Plymouth and Devonport to Exeter Railway


Plymouth and Devonport to Exeter Railway Postbridge Whiteworks Hexworthy Powdermills

Postbridge is built and the next three Plymouth and Devonport to Exeter Railway/British Rail (Western) 1980's layouts should appear over the next eighteen months.
The layouts will be based on the proposed but unbuilt
Plymouth and Devonport to Exeter Railway.

Plymouth and Devonport to Exeter Railway

In 1840 there was considerable debate about the best route for a railway between Plymouth and Exeter. The challenge was whichever route was followed there would be hills and steam locos of the time were poor hill climbers. Three routes were proposed. The South Devon via Totness using an atmospheric system which proved a disaster and was replaced with steam locos. A line via Oakhampton that was built thirty years later as the Devon and Cornwall Railway. The third was a direct line 37 miles (60 km) long line over Dartmoor called the Plymouth and Devonport to Exeter Railway [PADER]. The PADER planned to use locos on the level and inclines (very steep sections of the railway worked by a stationary steam engine) to climb on and off Dartmoor making it like the Cromford and High Peak Railway. This was an obsolete concept, potential local traffic was limited, and unsurprisingly the line was not built. I have assumed that the PADER was built with the inclines bypassed by loco workable grades. PADER could only thrive on through traffic so would have sold out to the London South Western Railway [LSWR] that was desperate to reach Plymouth. The LSWR and subsequently the Southern Railway and Southern Region would have used the PADER as their mainline access to Plymouth and rather accidently provided local services. In the 1950's boarder changes in South Devon switched control of the PADER to the Western Region. The late 1970's bought the HSTs (Class 43) on to the PADER. Had the PADER become part of the LSWR it's possible that the Devon and Cornwall Railway may not have been built between Meldon Junction & Bere Alston and the line Yelverton to Launceston built as a LSWR branch.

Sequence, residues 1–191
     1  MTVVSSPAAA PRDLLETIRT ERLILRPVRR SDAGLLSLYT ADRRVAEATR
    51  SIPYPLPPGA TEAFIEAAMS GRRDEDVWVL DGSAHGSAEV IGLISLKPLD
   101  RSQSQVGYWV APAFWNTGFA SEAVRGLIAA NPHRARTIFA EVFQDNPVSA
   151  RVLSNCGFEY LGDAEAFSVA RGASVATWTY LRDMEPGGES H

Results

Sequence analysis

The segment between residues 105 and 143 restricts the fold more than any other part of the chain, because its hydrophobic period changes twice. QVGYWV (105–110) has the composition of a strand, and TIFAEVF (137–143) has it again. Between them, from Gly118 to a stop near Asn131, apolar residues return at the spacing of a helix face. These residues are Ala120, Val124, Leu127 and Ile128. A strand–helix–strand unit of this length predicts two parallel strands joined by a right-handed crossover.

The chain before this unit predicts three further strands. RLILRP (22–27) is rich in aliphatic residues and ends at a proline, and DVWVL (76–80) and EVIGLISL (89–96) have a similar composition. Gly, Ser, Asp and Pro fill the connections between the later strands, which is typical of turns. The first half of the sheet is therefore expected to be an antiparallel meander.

The PADER proposed route was used in part by two other railways the Teign Valley Railway from Exeter
to Dunsford and the South Devon and Tavistock Railway from Yelverton to Plymouth. From Dunsford (the junction would have been at Leigh Cross) the PADER would have followed the Teign Valley via Meadhay (Dunsford) and Chagford then climbed up the South Teign Valley to the Assycombe Gap. Before dropping down the Stannon Valley to cross the East Dart River at Postbridge. Followed by a climbed up the Gawler Valley to Powdermills then down the Cherry Valley to the West Dart River. The Swincombe Valley would be used for the climb to Whiteworks followed by a drop down the Meavy Valley past Meavy to Yelverton. This is roughly the route of the B3212. The PADER route is 'against the grain of the country' and would have require at least six tunnels.
The South Devon and Tavistock Railway was suburban and industrial to Yelverton and rural thereafter, opened in 1859, and closed to passengers in 1962. The Teign Valley Railway was built to serve granite quarries and to bypass Dawlish Warren, opened in 1882, and closed to passengers in 1958. The Princetown Railway ran to the north of the PADER, opening in 1883 and closing completely in 1956. That none survived to the Beeching Axe (1963) suggests they were always financially questionable and the Princetown Railway never paid a divided. The 'high Dartmoor' section from Postbridge to Whiteworks would have been even more financially questionable serving hamlets (population 250 or less) engaged in hill farming (cattle, sheep, & ponies) and forestry (soft, hard, and mixed woods). The railway would have encouraged tourism, quarrying (there are several closed granite quarries on route), working tin mine waste heaps for aggregate, peat works, industry (there was an explosive works at Powdermills), and military use.


The layouts will be 93 inches long and 40 inches deep. As we know they work the track plans are based on Tim A's Welsh Marches Group (Owdham Sidings, Coedlei Sidings, Pontyblyddyn, and Pontybodkin) but to make things a bit different the track plans are mirrored on the long axis. Advantage is taken of the limited passenger traffic with halts rather than stations giving more room for goods traffic/shunting. The major difference is winter scenery this has been used on Winter Hill and Winter Run so is not new but should make Simon's PADER Group look considerably different from the other groups The layouts are set in the late 1970's/early 1980's to fit the available stock; classes (1 each) 43/HST, 37, blue 121, & blue 08, 5 vans (VGAs), 3 tank wagons, 2 bogie coil wagons, and coaches.